When an athlete makes the big time, things often change for them and their families. Stories of professional athletes buying their mom a new home after signing their first contract are legion.
The money in MMA isn't quite there yet. So, when Benson Henderson defended the UFC championship against Nate Diaz in 2012, he couldn't immediately buy a new home for his mother. Instead, he made the kind of gesture that tells you all you need to know about him as a man. He went home and worked his mom's shift at the convenience store she owns near Federal Way, Wash., giving her the day off.
Benson Henderson is one of the good guys. I had a chance to sit down with him and talk life, family and fighting Anthony Pettis this Saturday at UFC 164.
Bleacher Report: You've defended the lightweight title three times. The next time you do so will break the record for successful defenses in the division. Did you know that? What does it mean to you?
Henderson: I was aware of that. Somebody pointed it out to me after Gilbert. They told me if I beat Gilbert I'd be tied. I was like, "That's awesome." As far as what it means? It's meaning is whatever you want to put on it. Some people place a lot of stock, of value into that kind of stuff. For me, a win is a win. That's what it all boils down to. You have to perform and, in no uncertain terms, you have to win. Period.
It doesn't matter, all the extra stuff. There's always going to be extra this or extra that. The first time this or the first time that. First time in a main event. First time breaking a record. There's always going to be that kind of stuff. But it comes down to the "W." The win. If I get one more title defense, get my hand raised one more time, what it boils down to is a win.
B/R: That makes sense. It's a very binary sport in that respect. Now, the guy you're tied with is BJ Penn, who most people still kind of identify with the UFC lightweight division. He started it all off and he's still around. He took that division and kind of molded it in his image.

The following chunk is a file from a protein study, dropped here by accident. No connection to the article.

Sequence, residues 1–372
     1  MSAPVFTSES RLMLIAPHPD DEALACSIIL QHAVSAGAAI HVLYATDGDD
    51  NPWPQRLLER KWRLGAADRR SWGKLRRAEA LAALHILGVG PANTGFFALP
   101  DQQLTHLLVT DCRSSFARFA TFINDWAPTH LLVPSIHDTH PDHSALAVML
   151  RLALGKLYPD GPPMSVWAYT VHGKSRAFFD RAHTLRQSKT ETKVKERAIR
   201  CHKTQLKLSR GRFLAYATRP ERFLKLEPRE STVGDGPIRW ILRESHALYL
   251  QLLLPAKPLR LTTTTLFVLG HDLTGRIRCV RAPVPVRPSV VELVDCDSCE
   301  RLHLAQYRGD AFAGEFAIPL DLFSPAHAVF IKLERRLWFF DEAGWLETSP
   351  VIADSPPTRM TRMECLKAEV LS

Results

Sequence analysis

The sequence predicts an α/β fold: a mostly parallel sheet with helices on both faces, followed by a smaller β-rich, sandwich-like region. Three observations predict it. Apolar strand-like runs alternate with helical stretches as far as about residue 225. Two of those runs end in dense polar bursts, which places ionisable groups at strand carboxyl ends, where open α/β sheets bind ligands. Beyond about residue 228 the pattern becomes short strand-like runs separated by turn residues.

B/R: But, besides BJ, there hasn't really been—at the box office at least—another huge star at 155 pounds. From a financial consideration, do you think that's something that will come with time? Do you even consider that part of your job, worrying about how the pay-per-view will do? Or do you just concentrate on what's going on in the cage?
Henderson: That's one of those tricky questions. Do you want to win? Or do you want to be a fan favorite? Well, I want both (laughs). I want to win and I want to be a fan favorite. But, if you have to choose one, you have to get your hand raised. You have to win. Any financial considerations would definitely be secondary to that.
To answer your question, yes I am aware of selling tickets and being a big draw. Blah, blah blah. All that stuff. BJ is the man. One of my personal favorites. I love the guy. Trying to match him in pay-per-views, I'll be hard-pressed. He was that successful for a reason. He was that big a draw for a reason.
But it is something that I'm aware of. I am aware of pay-per-view numbers. I am told about it. I try to pay attention to it (laughs). But, ultimately, it comes down to getting your hand raised. It all comes down to that. If that means B.J. is known forever as the greatest lightweight of all time, I'm cool with that. But hopefully it doesn't go like that and I can live up to his standard. I have high expectations for myself.
B/R: I'm just going to be honest with you and put it right out there—I was one of the guys who said Benson Henderson, Donald Cerrone, Anthony Pettis and the WEC lightweights might not make it in the UFC. That's something I wrote. Obviously, that didn't end up being correct.
But even to this day, you have Frankie Edgar and Gilbert Melendez and Gray Maynard saying Benson Henderson is not even the best guy in this division. I doubted you. It seems like some fighters are still doubters. Does any of that motivate you?
Henderson: It doesn't affect me at all, to be honest. Maybe it should. But in the 1990s if you asked Charles Barkley who the best basketball player in the world was, he wasn't going to say Michael Jordan. He was going to say Charles Barkley. Of course he's going to say that.
Gilbert Melendez isn't going to say, "Oh, this guy is the best. He's better than I am." As a hard competitor, like all the fighters are, he's not going to say, "I'm the man." You can even ask fighters at 170, they're not going to say GSP is the better fighter. They'll say, "He has the belt right now, but I think I'm the better fighter." That's part of being a fighter. So I couldn't care less.